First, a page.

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indicationFor symptomatic relief of seasonal and perennial allergic rhinitis and vasomotor rhinitis, as well as allergic conjunctivitis caused by foods and inhaled allergens. Also for the relief of allergic reactions to blood or plasma, and the symptomatic management of mild, uncomplicated allergic skin manifestations of urticaria and angioedema.
pharmacologyCarbinoxamine is a first generation antihistamine of the ethanolamine class. Ethanolamine antihistamines have significant antimuscarinic activity and produce marked sedation in most patients. In addition to the usual allergic symptoms, the drug also treats irritant cough and nausea, vomiting, and vertigo associated with motion sickness. It also is used commonly to treat drug-induced extrapyramidal symptoms as well as to treat mild cases of Parkinson's disease. Rather than preventing the release of histamine, as do cromolyn and nedocromil, carbinoxamine competes with free histamine for binding at HA-receptor sites. Carbinoxamine competitively antagonizes the effects of histamine on HA-receptors in the GI tract, uterus, large blood vessels, and bronchial muscle. Ethanolamine derivatives have greater anticholinergic activity than do other antihistamines, which probably accounts for the antidyskinetic action of carbinoxamine.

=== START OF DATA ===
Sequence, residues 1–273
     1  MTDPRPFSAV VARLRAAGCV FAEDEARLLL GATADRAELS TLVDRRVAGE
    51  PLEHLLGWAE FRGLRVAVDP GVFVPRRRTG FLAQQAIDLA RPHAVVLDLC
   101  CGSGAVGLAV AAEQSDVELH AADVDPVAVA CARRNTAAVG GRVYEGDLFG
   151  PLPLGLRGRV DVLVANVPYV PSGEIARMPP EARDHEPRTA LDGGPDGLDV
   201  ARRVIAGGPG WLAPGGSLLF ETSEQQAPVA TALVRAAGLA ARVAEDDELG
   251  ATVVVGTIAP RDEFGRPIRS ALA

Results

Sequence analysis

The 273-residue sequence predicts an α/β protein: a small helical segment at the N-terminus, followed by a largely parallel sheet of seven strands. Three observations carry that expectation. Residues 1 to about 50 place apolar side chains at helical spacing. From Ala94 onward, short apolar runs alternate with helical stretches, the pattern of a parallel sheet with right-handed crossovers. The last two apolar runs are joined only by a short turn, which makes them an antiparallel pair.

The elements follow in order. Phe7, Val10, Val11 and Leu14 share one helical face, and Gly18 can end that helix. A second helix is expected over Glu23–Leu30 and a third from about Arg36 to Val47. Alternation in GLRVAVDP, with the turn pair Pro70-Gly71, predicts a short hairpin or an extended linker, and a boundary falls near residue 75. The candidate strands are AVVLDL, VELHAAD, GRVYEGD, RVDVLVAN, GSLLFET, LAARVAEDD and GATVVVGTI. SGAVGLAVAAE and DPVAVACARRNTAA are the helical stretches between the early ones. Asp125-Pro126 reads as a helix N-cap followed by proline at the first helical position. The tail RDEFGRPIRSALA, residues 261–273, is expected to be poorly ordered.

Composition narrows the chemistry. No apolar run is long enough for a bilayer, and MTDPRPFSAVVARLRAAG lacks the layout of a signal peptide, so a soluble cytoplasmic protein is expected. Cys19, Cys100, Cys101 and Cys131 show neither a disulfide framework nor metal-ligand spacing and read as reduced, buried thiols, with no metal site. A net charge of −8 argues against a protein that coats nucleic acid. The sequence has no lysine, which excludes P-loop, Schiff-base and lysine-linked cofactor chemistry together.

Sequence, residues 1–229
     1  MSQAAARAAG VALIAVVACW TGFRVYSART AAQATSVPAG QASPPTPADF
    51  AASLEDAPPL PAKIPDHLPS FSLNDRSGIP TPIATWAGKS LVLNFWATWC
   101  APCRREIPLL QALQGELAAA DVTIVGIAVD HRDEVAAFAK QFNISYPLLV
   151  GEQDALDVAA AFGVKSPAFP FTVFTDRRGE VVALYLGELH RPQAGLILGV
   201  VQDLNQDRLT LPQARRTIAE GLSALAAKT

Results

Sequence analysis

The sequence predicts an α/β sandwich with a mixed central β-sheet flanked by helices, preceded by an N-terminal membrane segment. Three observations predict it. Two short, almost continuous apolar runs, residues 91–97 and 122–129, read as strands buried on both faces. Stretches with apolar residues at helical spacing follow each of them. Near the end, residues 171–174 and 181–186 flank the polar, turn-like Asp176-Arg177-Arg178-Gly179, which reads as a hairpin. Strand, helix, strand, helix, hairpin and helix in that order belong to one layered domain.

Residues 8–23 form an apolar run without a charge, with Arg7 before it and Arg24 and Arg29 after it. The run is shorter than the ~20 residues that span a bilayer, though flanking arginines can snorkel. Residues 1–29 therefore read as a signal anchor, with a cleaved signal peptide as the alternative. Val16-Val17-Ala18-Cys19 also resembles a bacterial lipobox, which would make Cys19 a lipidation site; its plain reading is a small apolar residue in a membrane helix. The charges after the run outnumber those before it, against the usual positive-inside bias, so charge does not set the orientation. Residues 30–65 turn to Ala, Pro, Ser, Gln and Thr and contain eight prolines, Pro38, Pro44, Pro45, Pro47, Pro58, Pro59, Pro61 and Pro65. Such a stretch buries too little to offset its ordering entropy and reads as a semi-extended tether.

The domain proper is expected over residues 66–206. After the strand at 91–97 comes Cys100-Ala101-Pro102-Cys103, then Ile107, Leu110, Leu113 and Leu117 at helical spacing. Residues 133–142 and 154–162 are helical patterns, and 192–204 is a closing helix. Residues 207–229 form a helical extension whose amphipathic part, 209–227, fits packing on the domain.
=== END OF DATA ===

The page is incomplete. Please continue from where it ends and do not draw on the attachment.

mechanism of actionCarbinoxamine competes with free histamine for binding at HA-receptor sites. This antagonizes the effects of histamine on HA-receptors, leading to a reduction of the negative symptoms brought on by histamine HA-receptor binding. Carbinoxamine's anticholinergic action appears to be due to a central antimuscarinic effect, which also may be responsible for its antiemetic effects, although the exact mechanism is unknown.
half life10 to 20 hours
drug interactionsBenzylpenicilloyl Polylysine: Antihistamines may diminish the diagnostic effect of Benzylpenicilloyl Polylysine. Treatment with systemic histamine H1 antagonists such as carbinoxamine should be suspended for benzylpenicilloyl-polylysine skin testing to minimize the potential for false negative results. Delay skin testing until the systemic effects of the antihistamine have dissipated. A histamine skin test may be used to assess residual antihistaminic effects.
Donepezil: Possible antagonism of action
Galantamine: Possible antagonism of action
Pramlintide: Pramlintide may enhance the anticholinergic effect of Anticholinergics such as carbinoxamine. These effects are specific to the gastrointestinal tract. Use caution during concomitant therapy with pramlintide and anticholinergics. Additive effects on reduced gastrointestinal motility may occur.
Tacrine: The therapeutic effects of the central acetylcholinesterase inhibitor, Tacrine, and/or the anticholinergic, Carbinoxamine, may be reduced due to antagonism. The interaction may be beneficial when the anticholinergic action is a side effect. Monitor for decreased efficacy of both agents.
Trimethobenzamide: Trimethobenzamide and Carbinoxamine, two anticholinergics, may cause additive anticholinergic effects and enhance their adverse/toxic effects. Monitor for enhanced anticholinergic effects.
Triprolidine: Triprolidine and Carbinoxamine, two anticholinergics, may cause additive anticholinergic effects and enhance their adverse/toxic effects. Additive CNS depressant effects may also occur. Monitor for enhanced anticholinergic and CNS depressant effects.
Trospium: Trospium and Carbinoxamine, two anticholinergics, may cause additive anticholinergic effects and enhanced adverse/toxic effects. Monitor for enhanced anticholinergic effects.